Over water / Under water / normal leaf transition?

tjchermackApril 22, 2008

Greetings! My experiment is coming together. Quick background -- I'm in Fort Collins, Colorado (Zone 5 ish) and I have planted 16 1 gallon phyllostachys atrovaginata (incense bamboo). The soil here is very dry, compact clay, so I imported a raised bed of topsoil and mixed in some compost.

I planted these babies on April 12, so they have been in the ground almost 2 weeks.

My question is about water. I'm not sure if I am over or underwatering. I know the leaves will curl up if they are dehydrated, but you can see in some of the pictures that some leaves are browning / yellowing.

I know this could also be from the transition to the new environment, normal leaf renewal, and we have had a few days of pretty big wind gusts.

So, in short, I'm just curious if anyone can verify from the pictures that I'm watering enough. My watering routine has been to water in the morning AND at night. It is SO dry here that the soil dries between morning and night, but then again, I could be overdoing it.... It seems that the raised bed drains very well, but I know the clay underneath does not drain well at all.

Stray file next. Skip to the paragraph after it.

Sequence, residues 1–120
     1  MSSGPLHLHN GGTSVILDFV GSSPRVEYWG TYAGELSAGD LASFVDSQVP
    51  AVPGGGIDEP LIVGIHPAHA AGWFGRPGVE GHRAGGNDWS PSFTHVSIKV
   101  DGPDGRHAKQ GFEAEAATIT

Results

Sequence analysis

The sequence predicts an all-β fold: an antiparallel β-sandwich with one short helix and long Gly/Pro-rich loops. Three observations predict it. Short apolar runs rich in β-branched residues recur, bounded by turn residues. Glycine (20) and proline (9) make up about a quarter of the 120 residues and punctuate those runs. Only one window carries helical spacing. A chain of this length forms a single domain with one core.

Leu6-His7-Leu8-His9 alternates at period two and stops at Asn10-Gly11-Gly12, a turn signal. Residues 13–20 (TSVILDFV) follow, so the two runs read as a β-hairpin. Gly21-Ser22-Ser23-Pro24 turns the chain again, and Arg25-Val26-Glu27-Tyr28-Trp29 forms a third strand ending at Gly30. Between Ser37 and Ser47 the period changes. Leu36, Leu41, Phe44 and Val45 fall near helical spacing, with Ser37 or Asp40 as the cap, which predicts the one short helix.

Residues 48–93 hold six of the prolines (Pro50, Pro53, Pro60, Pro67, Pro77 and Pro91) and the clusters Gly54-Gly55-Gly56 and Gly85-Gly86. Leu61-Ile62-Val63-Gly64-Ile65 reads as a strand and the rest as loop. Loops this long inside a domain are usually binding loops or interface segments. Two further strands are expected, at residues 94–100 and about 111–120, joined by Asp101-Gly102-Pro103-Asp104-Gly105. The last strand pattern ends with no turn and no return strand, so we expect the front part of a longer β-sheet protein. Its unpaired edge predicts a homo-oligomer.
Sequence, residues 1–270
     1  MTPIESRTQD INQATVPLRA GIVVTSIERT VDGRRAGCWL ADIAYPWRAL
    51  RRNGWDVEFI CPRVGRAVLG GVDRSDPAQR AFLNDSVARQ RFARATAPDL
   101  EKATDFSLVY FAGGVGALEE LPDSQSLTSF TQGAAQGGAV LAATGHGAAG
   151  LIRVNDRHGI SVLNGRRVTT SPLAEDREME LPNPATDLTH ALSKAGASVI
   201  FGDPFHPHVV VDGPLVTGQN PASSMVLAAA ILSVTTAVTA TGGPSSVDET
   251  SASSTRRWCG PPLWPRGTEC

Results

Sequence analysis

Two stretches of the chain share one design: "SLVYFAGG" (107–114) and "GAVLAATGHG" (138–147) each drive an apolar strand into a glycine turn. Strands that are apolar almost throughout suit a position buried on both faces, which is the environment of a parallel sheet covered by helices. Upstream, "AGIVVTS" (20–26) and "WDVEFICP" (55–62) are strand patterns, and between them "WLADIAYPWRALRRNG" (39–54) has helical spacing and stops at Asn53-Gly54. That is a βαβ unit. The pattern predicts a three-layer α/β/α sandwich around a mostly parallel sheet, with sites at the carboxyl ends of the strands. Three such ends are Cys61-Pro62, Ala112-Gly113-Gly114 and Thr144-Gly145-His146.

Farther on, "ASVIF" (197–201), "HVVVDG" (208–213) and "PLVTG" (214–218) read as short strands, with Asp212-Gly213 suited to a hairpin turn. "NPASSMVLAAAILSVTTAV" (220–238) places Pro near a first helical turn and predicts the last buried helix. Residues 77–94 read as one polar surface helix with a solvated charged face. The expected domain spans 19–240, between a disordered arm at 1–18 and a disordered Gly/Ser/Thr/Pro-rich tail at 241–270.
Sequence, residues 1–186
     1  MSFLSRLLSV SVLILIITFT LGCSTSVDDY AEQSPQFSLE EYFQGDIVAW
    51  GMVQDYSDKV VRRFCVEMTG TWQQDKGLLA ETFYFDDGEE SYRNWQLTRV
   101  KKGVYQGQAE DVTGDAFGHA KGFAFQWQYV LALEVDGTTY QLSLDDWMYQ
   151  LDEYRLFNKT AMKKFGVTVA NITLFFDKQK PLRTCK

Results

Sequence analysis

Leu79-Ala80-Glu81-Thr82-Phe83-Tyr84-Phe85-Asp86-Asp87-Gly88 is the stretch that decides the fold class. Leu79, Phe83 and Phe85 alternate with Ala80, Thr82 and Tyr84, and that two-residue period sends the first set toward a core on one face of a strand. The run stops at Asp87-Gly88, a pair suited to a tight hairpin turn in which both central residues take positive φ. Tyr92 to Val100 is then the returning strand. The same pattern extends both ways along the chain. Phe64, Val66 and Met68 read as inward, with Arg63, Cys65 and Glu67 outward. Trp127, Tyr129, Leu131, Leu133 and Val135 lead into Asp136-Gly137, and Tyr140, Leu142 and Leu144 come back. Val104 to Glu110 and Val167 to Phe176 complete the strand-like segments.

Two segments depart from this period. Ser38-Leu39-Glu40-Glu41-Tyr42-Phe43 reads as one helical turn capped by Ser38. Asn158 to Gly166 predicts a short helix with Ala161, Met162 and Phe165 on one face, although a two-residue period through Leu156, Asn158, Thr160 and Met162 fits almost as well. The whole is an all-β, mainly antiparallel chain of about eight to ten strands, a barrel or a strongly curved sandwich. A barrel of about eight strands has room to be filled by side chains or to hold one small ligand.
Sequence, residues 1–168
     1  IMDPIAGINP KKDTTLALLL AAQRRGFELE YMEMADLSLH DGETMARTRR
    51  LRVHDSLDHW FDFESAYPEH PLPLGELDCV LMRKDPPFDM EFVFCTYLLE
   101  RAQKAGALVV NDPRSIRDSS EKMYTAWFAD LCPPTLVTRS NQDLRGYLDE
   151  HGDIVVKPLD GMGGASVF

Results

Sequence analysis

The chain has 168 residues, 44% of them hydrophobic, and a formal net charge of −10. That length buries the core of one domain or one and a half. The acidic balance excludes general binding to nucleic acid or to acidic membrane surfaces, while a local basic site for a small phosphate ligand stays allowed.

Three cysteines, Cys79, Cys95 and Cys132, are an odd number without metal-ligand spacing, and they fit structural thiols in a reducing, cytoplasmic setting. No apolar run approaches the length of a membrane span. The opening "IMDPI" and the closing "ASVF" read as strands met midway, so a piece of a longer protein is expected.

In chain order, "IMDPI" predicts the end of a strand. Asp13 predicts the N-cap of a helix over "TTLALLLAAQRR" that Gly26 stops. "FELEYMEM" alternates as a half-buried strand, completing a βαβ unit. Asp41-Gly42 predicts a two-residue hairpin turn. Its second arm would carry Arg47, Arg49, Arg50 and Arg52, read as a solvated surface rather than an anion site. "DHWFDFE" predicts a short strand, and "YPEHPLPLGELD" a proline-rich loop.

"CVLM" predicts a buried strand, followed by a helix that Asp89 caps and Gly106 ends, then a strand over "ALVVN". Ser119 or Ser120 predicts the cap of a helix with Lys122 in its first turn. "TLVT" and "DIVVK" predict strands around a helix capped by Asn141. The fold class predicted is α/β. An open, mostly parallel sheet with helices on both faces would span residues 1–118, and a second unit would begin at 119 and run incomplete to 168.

So, any advice would be most appreciated.

Check out the pics here:

http://gallery.mac.com/tjchermack#100021

Thanks!!

Tom

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streetman_buddy

Tom
I have the same problem, my soil cooks during the day!
Stick your finger in the soil about an inch deep and see if it's moist. You want your soil that way, not a boiling pot of muddy water!
Keep it that way for a month or so until they establish.
Atro can take some drying out.
Bud

    Bookmark   April 22, 2008 at 11:02AM
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kudzu9(Zone 8a - PNW)

So far, they look ok to me. It does not look like any generalized problem to me with either over- or under-watering. Those few leaves that are damaged could be from a number of other temporary things, like transplant shock, etc. Keep doing what you're doing; bamboo are pretty tolerant of moisture as long as they're not underwater. Also, get a couple inch layer of mulch in place to help retain moisture, and buy yourself a $6 moisture meter at Home Depot or equivalent to assess the situation accurately.

    Bookmark   April 22, 2008 at 12:15PM
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